Be on the lookout for phony IRS letters

March 01, 2017 by Charla Suaste
Scam Alert Signs

Tax season is in full swing and the Internal Revenue Service is already busy issuing hundreds of audit letters to taxpayers around the country. However, while real IRS letters make their way through the mail system, tax scammers have been quick to try and ship out their own tax bills in an attempt to take advantage of the honest, unsuspecting taxpayer.

The IRS warns that these phony tax letters mirror the CP2000 letters that are issued by the Internal Revenue Service every year; however, these fake tax bills do differ from legitimate CP2000’s in several different ways. These fraudulent notices:

  • Seem to have been issued by an Austin, Texas address
  • Reference the taxpayer’s 2015 return
  • Note the Affordable Care Act as the tax issue in question
  • Request that all checks be made out to “I.R.S” and sent to the “Austin Processing Center” at a post office box. (Real IRS notices require checks to be made out to “United States Treasury.”)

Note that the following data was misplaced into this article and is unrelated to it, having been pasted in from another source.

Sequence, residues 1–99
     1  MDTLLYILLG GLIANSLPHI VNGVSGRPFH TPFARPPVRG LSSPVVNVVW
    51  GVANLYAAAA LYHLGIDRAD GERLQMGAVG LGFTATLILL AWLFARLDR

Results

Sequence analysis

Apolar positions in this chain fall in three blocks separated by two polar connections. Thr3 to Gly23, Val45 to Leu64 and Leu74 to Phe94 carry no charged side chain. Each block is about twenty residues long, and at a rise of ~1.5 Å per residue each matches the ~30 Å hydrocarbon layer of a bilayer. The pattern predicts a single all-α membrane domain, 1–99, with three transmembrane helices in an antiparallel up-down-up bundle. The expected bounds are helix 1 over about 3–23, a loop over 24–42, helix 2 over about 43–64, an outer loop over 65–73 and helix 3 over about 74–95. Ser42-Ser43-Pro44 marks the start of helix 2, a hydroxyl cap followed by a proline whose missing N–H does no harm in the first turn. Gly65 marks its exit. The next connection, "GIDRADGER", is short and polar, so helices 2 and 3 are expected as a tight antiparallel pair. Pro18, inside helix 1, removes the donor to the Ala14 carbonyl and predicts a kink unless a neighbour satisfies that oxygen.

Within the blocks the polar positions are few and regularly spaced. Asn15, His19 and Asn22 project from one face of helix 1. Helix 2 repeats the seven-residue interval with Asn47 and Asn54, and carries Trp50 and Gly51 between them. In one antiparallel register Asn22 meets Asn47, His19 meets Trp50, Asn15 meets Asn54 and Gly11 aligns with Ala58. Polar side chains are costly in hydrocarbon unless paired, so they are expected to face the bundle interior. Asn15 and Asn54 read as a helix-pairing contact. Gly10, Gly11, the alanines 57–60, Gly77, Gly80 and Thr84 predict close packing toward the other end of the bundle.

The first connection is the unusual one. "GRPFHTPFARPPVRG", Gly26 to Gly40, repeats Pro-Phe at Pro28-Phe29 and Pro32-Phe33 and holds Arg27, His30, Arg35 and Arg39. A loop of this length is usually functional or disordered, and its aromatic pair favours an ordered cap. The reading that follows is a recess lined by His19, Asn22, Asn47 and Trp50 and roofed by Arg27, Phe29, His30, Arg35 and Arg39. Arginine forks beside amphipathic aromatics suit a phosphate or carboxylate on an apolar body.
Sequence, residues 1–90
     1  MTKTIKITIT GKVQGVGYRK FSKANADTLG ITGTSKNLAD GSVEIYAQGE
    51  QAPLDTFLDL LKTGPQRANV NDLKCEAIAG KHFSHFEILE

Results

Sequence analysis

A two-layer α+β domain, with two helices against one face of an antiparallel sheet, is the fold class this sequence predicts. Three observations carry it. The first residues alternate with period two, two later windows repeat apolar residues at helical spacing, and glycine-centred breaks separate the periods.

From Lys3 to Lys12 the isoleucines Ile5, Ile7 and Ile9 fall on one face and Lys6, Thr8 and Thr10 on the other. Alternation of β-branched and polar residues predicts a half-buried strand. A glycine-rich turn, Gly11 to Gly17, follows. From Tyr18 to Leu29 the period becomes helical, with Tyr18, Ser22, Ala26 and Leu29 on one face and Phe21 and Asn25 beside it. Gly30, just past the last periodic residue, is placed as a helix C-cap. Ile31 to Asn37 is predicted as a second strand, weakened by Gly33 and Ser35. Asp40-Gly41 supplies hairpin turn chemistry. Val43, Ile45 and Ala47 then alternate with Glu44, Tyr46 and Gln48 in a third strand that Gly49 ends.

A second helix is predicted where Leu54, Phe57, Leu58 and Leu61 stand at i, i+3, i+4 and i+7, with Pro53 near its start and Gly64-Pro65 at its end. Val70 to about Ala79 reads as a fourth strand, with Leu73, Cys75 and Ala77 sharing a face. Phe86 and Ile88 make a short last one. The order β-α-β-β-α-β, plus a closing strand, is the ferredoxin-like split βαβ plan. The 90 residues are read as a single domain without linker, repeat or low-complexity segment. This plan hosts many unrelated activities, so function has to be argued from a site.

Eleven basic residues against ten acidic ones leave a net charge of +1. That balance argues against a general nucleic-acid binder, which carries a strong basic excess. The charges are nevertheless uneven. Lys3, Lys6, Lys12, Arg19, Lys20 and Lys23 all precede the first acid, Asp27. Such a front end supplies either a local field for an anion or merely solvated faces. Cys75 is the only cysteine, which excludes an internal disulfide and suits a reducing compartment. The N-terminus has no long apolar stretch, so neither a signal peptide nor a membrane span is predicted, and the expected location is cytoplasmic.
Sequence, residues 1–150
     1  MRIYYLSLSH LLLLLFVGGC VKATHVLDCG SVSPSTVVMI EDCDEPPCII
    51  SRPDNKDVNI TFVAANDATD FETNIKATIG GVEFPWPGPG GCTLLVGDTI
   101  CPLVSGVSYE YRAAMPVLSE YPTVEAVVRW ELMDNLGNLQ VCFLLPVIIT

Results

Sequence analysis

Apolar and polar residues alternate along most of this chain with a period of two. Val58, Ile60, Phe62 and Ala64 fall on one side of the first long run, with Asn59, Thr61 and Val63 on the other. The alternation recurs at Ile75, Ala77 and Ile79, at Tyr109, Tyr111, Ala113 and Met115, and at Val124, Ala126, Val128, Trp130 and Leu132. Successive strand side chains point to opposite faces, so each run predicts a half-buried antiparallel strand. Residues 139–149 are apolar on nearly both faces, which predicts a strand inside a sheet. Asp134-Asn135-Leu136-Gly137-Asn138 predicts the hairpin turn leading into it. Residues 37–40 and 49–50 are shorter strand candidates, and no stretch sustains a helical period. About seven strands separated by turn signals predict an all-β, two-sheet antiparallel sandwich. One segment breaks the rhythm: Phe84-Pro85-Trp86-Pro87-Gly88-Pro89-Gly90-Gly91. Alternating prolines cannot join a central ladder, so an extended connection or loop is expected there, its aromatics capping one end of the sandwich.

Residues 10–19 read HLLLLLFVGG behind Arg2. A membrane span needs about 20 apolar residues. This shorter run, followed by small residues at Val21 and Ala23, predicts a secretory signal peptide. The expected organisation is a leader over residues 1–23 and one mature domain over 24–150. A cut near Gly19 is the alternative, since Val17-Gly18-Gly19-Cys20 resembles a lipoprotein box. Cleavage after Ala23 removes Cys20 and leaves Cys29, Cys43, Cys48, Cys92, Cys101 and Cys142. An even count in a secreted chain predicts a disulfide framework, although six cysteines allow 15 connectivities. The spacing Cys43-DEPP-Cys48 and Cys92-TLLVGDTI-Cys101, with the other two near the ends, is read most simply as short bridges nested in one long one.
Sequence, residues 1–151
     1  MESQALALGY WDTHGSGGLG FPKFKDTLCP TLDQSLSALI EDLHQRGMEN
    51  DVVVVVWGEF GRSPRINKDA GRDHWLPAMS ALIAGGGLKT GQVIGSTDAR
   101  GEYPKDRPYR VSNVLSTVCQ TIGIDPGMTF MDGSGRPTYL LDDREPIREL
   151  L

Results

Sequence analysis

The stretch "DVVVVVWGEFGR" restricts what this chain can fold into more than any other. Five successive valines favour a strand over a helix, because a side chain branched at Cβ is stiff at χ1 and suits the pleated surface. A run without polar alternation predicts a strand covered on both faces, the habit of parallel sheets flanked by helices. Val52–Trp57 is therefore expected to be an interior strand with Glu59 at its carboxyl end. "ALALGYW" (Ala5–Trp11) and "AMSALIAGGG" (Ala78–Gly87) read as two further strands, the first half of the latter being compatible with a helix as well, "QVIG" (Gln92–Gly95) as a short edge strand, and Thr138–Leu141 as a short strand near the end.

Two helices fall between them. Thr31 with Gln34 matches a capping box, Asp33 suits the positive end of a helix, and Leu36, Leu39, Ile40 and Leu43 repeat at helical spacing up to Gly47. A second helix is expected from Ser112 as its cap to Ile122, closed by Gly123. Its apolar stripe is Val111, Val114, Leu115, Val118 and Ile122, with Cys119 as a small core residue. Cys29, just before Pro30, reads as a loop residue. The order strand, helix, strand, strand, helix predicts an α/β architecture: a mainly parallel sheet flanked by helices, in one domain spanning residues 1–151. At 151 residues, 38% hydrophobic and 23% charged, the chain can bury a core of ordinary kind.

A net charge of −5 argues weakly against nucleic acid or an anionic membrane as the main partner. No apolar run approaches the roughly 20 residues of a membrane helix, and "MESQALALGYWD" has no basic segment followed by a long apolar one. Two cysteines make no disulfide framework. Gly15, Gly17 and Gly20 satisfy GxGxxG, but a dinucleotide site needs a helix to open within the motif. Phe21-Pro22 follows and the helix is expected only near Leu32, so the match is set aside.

With that information in mind, it is important to note that tax scammers have been known to change their plan of action once their tactics have been made public. If you receive an IRS notice and are unsure about its authenticity, do not simply send a check; instead, reach out to the IRS to confirm that the issue is legitimate.

For additional tips on how to be vigilant against tax scams this season, please visit



Charla Suaste
Communications Content Developer


Charla Suaste joined TaxAudit back in 2007 and, over the past 14 years, she has worked in a variety of different roles throughout the organization, including as a Customer Service Representative, Case Coordinator, and Administrative Services Assistant. She now serves as the Communications Content Developer and is passionate about writing, editing, and making even the most complex concepts easy to understand. Outside of work, Charla enjoys traveling, listening to podcasts, and spending time in her garden.


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